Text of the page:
A wonderful, deadpan subversive souffle of a play. Set in a NY hospital in which the nervous middle aged and un-talkative Wyatt is newly arrived in a private room where the gregarious Budge is already installed . Wave upon wave of unexpected visitors from elsewhere in the institution – supposedly doctors, seriously ill patients - turn out to be wave after wave of ‘performing’ or delusional mental patients from the adjacent psychiatric wing. All this gradually seems to undermine the sense of security – even the sense of underlying reality - of Budge and Wyatt, if indeed Budge and Wyatt are Budge and Wyatt. All bets are slowly called off. Act two reveals the engine room of the vertiginous deception. Actors playing lunatics, lunatics playing actors, or lunatics playing actors playing lunatics? A play that forensically disassembles apparent reality to reveal acting and its cognate performance form, madness, underneath. This is an intricately conceived/achieved, apparently absurdist play with a gradually-revealed swiss-watch realist mechanism driving the apparent quantum warpedness. Also full of vivid and wry characters, and of such characters playing such characters. And for the early 80s it manages to be wonderfully evocative of millennial immersive and situationist theatre which it cheerfully seems to predict, while also accurately anatomising a 21st Century type of jet-set theatre-festival-groupie determined to track down the latest elusive hot ticket. DeLillo is more than a great novelist – on the basis of this and of his later play we read in Holborn last year – Valporiso – he is also a major playwright. As with the novels, this play both celebrate and subverts the simulacra of modern life. The dialogue has a wonderful deadpan relish. Both a serious play and a wonderful confection. Its ultimate ‘trick’ of deadpan serial and multiple un-maskings, in which each subsequent layer is presented as reality only to be then revealed as just another performance, is reminiscent both in tone and technique of noting so much as late-stage Ben Johnson, in his The New End for example…and there was a theatre craftsman if ever there was one. In terms of the theatricality and role playing you could also mention Pirandello of course. A great discovery, and read here with aplomb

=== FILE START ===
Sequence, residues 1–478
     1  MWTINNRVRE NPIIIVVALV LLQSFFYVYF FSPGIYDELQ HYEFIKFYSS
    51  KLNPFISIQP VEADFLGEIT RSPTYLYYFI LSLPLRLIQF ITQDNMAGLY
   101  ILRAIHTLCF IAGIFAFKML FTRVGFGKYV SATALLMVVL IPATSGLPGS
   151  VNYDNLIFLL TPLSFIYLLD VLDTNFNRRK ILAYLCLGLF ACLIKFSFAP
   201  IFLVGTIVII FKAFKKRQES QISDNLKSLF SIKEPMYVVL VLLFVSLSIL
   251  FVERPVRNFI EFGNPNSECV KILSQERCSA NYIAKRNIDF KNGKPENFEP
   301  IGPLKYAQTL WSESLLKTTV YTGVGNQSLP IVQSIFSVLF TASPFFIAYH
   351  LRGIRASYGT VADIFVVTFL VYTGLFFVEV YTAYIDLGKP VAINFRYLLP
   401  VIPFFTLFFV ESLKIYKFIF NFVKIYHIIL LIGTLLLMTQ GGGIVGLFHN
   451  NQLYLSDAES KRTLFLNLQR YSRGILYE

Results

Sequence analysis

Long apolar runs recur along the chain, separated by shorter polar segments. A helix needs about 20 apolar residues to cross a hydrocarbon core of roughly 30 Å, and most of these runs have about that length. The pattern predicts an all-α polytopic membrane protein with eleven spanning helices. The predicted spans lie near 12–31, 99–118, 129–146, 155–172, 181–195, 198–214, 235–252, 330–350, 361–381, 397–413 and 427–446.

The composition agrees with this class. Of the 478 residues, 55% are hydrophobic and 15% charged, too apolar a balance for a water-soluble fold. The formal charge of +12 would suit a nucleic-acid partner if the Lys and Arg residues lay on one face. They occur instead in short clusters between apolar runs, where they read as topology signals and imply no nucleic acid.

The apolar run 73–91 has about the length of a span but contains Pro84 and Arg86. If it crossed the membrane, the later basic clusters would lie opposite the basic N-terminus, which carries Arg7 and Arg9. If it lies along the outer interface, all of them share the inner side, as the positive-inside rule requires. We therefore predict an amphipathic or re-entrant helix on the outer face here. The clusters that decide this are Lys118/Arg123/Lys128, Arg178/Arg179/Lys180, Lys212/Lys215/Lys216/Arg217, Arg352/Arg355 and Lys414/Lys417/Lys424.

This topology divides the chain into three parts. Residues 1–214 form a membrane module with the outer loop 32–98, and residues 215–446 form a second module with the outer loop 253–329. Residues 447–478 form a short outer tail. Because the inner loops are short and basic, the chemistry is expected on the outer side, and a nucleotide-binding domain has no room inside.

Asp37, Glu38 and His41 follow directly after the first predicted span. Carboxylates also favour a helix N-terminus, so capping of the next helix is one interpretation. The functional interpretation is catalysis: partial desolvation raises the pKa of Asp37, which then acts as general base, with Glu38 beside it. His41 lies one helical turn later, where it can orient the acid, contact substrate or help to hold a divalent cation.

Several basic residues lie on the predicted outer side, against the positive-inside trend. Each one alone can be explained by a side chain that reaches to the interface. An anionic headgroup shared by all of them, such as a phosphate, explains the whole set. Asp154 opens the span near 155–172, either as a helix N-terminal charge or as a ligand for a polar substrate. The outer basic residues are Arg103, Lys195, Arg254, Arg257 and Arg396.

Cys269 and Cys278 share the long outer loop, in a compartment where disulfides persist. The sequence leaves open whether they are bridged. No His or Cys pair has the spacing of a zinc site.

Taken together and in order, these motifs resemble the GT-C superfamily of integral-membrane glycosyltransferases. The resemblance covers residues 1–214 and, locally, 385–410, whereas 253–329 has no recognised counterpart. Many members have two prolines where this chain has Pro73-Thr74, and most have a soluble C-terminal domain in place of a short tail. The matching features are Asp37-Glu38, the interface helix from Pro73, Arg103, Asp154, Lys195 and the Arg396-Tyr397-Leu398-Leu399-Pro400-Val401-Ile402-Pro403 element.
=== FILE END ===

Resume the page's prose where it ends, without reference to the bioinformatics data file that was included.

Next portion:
So it looks like an absurdist play until you work out the intricacies of the situational mechanism. And it ultimately offers the satisfaction of it all fitting together - a bit like Chesterton's The Man Who Was Thursday, where everyone in the anarchist cell turns out to be a 'plant' so the spies are all from the same side and basically spying on each other - but with the Delillo they are all psychiatric patients . The 'mark' Wyatt turns out to be the maddest of them all, giving in Act 2 his 'performance' as the Robin Williams-esque tv. A single nurse, who sneaks in to 'moonlight' in the theatricals in the psychiatric patients' day room, is a genuine refugee from the supposedly 'sane' clinical world. The guy who seems unexpectedly spooked at the end of Act 1 - Budge (so you think that spookedness is/must be a 'real' moment) - turns out to be Arno himself...or has taken that name (the honorary 'name' of the psychiatric ward, or the titular head of the theatre company...or both, or neither...) I suspect a performance would work with a kind of slightly ritualised, on-rails deadpan delivery, slightly farce-like...(with Wyatt as the Gene wilder character from The Producers and Budge/Arno as Zero Mostel.....): it's clearly not the first night of the Arno Klein after-dark production in and beyond the dayroom - they are a well-oiled machine, both in their doctors and nurses schtick from Act 1 and their 'grifters' turn in Act 2. I think they do it nightly....it's a narcissist obsessive/compulsive thing....after all, in Act 2 they are fantasising their own elusive 'must see' celebrity status as the Arno Klein troupe....pursued around the world....
A great discovery, and read here with aplomb
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